need to ensure communications consent even if the site is not able to need to ensure communications consent even if the site is not able to
access the camera and microphone at all (hence WebSockets's consent access the camera and microphone at all (hence WebSockets's consent
mechanism) and similarly we need to be concerned with the site mechanism) and similarly we need to be concerned with the site
accessing the user's camera and microphone even if the data is to be accessing the user's camera and microphone even if the data is to be
sent back to the site via conventional HTTP-based network mechanisms sent back to the site via conventional HTTP-based network mechanisms
such as HTTP POST. such as HTTP POST.
4.1.1. Threats from Screen Sharing 4.1.1. Threats from Screen Sharing
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While persistent endpoint identifiers can be a useful security While persistent endpoint identifiers can be a useful security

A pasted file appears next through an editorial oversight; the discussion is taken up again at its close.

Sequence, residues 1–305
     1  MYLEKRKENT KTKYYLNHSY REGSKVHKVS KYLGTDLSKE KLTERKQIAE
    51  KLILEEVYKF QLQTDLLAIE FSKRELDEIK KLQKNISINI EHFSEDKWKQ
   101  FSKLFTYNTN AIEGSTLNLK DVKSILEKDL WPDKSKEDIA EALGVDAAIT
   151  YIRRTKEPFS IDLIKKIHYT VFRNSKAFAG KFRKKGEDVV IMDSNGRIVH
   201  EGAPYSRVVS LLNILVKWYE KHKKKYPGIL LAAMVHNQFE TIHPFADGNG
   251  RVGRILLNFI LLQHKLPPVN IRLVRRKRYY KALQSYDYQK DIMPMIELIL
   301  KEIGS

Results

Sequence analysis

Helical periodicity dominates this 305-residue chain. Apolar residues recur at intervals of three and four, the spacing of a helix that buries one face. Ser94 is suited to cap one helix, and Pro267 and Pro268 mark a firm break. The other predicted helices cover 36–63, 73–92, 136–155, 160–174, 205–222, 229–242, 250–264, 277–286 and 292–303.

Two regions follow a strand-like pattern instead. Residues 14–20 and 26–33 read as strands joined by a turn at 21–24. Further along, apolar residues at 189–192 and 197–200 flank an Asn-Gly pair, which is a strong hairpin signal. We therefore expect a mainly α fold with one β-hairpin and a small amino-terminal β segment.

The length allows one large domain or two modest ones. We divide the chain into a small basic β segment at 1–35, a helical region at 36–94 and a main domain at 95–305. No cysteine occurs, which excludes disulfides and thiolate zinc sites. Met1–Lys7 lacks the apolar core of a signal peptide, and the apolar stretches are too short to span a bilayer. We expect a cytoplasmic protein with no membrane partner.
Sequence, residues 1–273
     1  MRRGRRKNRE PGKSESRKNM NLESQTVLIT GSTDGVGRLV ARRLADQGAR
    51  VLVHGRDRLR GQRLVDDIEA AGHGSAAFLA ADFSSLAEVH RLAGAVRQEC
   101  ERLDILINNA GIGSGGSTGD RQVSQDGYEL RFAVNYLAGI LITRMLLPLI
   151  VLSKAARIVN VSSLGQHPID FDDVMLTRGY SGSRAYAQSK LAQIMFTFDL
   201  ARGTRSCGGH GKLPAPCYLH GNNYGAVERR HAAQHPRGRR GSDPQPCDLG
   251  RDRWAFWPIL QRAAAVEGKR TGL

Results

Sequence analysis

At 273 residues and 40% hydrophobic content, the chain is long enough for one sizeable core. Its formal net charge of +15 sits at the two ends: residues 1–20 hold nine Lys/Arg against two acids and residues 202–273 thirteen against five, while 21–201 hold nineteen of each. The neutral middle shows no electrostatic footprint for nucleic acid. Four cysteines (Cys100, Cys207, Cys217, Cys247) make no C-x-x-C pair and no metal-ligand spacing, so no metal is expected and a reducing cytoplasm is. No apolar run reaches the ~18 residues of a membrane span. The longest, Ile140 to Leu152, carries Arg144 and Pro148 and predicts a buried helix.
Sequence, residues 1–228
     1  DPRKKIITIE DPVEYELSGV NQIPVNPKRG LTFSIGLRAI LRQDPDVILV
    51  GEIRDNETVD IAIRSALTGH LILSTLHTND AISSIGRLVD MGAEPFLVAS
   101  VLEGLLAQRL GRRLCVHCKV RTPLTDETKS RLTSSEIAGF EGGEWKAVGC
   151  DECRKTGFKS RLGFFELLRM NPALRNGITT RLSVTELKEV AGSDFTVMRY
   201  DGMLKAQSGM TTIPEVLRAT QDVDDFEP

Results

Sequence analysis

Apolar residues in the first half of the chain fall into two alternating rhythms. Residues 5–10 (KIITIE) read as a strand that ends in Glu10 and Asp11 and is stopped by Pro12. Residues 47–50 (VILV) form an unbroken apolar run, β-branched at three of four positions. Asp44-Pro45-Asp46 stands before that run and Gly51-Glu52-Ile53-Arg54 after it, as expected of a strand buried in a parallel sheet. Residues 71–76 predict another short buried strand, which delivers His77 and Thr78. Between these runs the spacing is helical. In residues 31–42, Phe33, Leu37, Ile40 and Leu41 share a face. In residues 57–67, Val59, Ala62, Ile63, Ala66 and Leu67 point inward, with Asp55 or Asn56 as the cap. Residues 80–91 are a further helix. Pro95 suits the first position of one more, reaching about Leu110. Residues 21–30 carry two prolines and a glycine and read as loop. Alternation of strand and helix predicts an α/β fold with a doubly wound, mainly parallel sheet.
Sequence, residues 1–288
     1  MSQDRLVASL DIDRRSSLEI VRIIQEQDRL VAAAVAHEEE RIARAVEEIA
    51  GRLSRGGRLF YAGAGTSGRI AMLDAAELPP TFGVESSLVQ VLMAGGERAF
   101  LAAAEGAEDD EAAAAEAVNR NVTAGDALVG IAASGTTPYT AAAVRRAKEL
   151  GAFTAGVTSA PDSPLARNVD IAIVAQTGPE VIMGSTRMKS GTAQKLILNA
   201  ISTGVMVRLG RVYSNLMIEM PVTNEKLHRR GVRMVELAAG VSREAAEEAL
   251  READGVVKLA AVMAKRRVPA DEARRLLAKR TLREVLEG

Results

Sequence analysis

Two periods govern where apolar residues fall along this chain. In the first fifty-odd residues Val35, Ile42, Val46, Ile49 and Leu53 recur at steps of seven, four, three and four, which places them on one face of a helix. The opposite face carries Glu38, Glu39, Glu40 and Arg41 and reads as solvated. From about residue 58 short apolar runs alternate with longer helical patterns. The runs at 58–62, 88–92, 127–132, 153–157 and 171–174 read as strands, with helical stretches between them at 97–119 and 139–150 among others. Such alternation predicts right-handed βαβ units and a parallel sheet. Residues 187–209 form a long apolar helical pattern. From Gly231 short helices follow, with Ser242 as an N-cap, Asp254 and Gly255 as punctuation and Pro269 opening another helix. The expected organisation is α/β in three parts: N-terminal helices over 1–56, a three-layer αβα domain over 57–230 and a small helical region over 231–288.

feature (see Section 4.3.2.1 they can also represent a privacy threat feature (see Section 4.3.2.1 they can also represent a privacy threat
in settings where the user wishes to be anonymous. WebRTC provides a in settings where the user wishes to be anonymous. WebRTC provides a
number of possible persistent identifiers such as DTLS certificates number of possible persistent identifiers such as DTLS certificates
(if they are reused between connections) and RTCP CNAMES (if (if they are reused between connections) and RTCP CNAMES (if
generated according to [RFC6222] rather than the privacy preserving generated according to [RFC6222] rather than the privacy preserving
mode of [I-D.ietf-avtcore-6222bis]). In order to prevent this type mode of [I-D.ietf-avtcore-6222bis]). In order to prevent this type